Study: People Care More About VR Than New Cell Phones

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Back in 2012 at the Electronic Entertainment Expo (E3) the initial Oculus Rift prototype, a duct taped head mounted display, first captured gaming enthusiasts' attention and imagination when it was demoed for the very first time running Doom 3. This unveiling initiated a revival of the technology community's childhood dream of exploring and interacting with an immersive virtual world unbound from the constraints of reality. Oculus certainly did not invent the first VR headset, though they can be credited with distilling the belief that a positive VR experience is possible after many failed attempts by manufacturers in the past (Virtual Boy, anyone?), which had dampened the entire industry. Fast forward three years later and betting against the mainstream proliferation of VR would seem nonsensical. Everyone from Google to Sony, Samsung, HTC, and even Facebook (who own Oculus VR), are going all in on the emerging technology; now we have some data to back up their bets.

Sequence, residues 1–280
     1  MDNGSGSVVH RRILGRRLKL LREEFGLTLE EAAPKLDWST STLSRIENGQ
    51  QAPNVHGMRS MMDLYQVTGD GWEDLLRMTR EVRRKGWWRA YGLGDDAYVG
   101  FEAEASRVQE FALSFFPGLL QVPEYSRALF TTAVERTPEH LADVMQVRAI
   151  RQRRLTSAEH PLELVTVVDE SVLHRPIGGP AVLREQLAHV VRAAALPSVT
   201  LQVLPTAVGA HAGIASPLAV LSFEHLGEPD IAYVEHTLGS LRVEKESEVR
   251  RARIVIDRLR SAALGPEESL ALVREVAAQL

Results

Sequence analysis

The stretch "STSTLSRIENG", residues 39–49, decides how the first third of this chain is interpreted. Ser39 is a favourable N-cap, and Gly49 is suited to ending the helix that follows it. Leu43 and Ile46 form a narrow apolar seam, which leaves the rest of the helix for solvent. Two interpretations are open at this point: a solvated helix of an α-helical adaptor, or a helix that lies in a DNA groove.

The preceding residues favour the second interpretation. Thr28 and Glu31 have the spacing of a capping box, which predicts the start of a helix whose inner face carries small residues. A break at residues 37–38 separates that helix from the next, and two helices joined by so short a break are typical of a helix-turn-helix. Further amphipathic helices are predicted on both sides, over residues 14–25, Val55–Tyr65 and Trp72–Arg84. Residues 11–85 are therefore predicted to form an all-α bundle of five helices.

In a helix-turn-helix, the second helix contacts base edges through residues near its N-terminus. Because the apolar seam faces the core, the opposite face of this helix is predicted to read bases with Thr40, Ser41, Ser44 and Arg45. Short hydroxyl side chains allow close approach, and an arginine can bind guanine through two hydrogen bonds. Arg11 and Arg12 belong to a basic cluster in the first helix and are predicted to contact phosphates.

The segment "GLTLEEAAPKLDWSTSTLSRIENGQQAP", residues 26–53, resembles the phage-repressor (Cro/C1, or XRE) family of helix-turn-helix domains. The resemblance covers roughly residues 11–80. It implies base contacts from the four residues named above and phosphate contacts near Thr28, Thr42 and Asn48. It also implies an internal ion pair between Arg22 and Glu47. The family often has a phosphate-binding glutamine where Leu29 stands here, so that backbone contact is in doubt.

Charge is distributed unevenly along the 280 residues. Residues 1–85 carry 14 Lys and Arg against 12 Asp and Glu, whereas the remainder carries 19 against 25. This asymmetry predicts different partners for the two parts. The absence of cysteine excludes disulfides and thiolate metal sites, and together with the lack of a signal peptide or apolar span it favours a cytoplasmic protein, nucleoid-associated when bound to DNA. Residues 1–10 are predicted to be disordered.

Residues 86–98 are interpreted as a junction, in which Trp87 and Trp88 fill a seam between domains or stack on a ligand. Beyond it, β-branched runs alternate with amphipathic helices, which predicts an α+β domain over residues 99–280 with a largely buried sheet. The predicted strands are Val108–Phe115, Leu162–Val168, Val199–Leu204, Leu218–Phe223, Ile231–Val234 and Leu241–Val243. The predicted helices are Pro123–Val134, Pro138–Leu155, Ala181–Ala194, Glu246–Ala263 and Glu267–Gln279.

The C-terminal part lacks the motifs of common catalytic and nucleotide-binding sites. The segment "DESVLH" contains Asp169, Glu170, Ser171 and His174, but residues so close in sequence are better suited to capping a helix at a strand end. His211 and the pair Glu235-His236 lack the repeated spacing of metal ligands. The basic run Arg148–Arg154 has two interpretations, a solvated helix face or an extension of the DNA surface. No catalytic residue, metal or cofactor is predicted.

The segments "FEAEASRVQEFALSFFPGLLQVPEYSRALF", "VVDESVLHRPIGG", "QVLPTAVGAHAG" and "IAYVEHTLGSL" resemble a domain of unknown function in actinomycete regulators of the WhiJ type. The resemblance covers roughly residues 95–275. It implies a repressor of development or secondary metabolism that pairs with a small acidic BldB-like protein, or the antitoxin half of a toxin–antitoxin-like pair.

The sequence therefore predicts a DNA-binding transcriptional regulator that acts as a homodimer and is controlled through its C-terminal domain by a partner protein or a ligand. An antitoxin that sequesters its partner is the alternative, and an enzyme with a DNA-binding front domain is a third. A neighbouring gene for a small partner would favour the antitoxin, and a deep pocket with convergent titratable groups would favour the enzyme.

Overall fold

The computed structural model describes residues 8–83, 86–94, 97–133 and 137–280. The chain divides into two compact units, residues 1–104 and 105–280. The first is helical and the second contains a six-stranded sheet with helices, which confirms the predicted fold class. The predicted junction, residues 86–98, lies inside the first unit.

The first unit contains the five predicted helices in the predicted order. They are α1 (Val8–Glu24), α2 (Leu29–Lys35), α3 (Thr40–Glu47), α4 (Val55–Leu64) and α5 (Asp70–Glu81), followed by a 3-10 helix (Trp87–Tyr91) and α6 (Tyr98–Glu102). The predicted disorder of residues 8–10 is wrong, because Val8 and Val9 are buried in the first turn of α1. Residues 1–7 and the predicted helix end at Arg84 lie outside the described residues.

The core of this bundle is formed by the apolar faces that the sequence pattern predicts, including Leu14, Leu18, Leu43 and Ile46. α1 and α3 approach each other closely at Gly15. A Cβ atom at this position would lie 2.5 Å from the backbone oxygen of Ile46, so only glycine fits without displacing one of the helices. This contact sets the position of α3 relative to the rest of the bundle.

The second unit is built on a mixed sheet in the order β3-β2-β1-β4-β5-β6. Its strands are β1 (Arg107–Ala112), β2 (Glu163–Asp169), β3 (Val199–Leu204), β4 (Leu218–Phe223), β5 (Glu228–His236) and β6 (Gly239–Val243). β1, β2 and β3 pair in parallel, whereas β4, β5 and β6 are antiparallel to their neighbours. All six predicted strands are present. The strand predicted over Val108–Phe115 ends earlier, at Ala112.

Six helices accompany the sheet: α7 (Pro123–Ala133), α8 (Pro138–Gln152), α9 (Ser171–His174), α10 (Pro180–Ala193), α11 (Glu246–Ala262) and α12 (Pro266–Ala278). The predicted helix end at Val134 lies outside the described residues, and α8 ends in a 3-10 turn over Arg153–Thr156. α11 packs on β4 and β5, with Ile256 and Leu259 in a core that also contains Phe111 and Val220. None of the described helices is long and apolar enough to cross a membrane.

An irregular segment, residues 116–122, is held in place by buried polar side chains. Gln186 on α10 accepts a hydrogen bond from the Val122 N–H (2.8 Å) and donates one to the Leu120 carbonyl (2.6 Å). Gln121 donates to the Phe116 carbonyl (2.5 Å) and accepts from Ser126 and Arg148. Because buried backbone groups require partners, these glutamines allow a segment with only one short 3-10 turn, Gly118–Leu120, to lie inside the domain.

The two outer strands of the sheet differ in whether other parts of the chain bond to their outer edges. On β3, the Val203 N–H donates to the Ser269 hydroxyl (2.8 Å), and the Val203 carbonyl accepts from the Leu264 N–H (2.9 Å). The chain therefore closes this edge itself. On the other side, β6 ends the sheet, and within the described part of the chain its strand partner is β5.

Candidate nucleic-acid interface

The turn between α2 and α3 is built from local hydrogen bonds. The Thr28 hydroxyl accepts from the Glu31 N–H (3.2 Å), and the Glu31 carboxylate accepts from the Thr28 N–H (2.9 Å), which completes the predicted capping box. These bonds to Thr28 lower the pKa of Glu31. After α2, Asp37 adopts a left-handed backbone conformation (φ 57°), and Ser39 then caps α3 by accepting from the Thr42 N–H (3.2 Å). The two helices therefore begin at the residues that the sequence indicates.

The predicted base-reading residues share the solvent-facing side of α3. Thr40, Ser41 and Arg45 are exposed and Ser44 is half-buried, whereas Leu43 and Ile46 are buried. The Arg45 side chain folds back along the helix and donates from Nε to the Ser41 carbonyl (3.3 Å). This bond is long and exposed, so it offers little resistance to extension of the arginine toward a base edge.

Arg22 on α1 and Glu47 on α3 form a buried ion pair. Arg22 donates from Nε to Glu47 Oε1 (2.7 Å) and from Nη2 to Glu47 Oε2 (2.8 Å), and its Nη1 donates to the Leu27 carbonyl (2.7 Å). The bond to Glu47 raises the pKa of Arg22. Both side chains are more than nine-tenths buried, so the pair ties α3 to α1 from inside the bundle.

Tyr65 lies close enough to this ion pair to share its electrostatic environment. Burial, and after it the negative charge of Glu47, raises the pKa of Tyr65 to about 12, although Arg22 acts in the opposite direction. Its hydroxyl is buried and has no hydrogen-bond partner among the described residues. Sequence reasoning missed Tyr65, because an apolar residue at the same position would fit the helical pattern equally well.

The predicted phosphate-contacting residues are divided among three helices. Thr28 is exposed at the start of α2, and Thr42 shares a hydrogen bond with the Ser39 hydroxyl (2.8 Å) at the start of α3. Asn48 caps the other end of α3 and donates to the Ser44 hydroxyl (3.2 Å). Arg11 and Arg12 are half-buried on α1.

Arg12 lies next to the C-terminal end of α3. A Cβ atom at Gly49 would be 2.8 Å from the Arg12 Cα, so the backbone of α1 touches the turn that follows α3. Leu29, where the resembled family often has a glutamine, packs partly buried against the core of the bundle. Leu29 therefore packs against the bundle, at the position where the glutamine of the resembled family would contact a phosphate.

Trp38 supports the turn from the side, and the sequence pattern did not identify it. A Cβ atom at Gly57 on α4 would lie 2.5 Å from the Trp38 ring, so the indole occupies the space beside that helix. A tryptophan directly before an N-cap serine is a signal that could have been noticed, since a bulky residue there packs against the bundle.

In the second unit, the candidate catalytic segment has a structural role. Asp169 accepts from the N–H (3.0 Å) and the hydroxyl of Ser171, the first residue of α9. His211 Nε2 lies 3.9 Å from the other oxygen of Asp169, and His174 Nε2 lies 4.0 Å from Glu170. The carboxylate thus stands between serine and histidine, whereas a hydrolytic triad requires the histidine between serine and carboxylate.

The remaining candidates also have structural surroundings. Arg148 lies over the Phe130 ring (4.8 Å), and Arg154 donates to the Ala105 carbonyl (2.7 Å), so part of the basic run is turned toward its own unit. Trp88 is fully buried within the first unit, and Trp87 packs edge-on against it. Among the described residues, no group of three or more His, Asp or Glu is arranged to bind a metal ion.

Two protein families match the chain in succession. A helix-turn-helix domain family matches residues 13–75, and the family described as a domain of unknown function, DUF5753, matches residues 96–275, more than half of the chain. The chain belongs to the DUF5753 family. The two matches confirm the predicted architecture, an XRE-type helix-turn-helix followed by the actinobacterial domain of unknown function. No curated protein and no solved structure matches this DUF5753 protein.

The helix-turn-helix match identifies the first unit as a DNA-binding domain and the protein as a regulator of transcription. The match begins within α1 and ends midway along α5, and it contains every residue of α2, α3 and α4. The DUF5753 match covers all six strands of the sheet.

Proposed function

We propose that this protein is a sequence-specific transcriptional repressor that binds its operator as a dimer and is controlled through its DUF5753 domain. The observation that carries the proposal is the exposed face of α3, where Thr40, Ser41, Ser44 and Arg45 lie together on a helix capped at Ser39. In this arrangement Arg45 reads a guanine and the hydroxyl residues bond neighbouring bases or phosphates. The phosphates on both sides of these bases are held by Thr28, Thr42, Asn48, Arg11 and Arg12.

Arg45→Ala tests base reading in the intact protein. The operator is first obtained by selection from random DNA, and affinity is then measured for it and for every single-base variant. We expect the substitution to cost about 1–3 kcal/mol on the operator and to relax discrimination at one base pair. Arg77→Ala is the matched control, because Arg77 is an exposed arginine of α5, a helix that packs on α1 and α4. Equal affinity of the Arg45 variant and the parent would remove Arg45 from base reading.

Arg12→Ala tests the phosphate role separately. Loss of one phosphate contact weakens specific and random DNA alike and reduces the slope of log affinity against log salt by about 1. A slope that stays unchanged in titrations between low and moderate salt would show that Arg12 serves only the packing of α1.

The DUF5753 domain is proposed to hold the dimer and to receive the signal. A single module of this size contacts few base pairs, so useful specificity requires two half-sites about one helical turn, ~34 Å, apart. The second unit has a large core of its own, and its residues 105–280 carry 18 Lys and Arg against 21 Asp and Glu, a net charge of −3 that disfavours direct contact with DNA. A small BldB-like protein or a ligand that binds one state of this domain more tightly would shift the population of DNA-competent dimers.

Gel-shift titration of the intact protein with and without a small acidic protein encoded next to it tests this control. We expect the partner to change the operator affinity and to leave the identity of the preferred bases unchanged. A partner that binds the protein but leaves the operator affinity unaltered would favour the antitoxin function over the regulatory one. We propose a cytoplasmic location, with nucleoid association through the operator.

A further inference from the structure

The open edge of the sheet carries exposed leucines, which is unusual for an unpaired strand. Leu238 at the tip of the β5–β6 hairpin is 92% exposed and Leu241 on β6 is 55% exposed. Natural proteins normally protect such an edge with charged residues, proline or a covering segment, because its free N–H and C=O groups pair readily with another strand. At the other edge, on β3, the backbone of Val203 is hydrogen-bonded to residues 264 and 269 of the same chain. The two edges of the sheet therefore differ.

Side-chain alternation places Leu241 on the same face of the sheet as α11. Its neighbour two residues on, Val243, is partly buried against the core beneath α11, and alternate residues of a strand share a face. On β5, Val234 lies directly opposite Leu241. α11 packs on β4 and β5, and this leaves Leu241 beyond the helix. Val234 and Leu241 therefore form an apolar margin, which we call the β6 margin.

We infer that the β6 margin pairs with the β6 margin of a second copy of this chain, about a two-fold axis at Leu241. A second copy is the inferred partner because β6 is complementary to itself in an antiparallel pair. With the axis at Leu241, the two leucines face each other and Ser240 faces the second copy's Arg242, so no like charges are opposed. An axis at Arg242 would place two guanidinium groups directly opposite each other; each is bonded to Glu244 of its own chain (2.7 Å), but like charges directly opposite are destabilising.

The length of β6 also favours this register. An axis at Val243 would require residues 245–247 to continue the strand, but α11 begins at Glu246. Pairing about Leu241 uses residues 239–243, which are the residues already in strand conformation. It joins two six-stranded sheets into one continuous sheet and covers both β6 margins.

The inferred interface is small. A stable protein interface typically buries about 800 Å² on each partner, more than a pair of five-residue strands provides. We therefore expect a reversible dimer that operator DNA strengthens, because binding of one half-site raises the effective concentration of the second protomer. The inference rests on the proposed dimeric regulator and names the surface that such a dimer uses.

Recently published research by PiperJaffray indicates that consumers are ready and waiting for VR. According to their data, people are sharing YouTube videos of virtual reality experiences an average of 11 times per every 10,000 views. For comparison's sake, new cell phones, which have long captured our fascination, are shared half as many times, or about 5.5 times per every 10,000 views (see chart below). Though videos of "cellphone concepts" are shared slightly more than VR, the data indicates that consumers care enough about VR to share it with others more than the current crop of new cellphones. This is definitely a positive sign for the industry, as most consumer versions of mainstream VR headsets have yet to be released, excluding Samsung's Gear VR.

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Based on this data the most hotly anticipated VR headsets (arguably), HTC's RE Vive and Oculus Rift, which are slated for a release late this year and Q1 2016 respectively, are poised to achieve mainstream success. In their report PiperJaffray states "as more consumer VR experiences are released, VR will surpass futuristic cellphones as the top area of consumer tech fascination." Considering HTC's recent financial woes, this could be boon for the struggling Taiwanese company, whose RE Vive VR headset has received rave reviews. All said the rise of VR from relative damnation just three years ago to one of the most awe-inspiring technologies today is incredible, and a welcome change for anyone who dreamt of entering their favorite video game world as a kid.

VR vs cell phones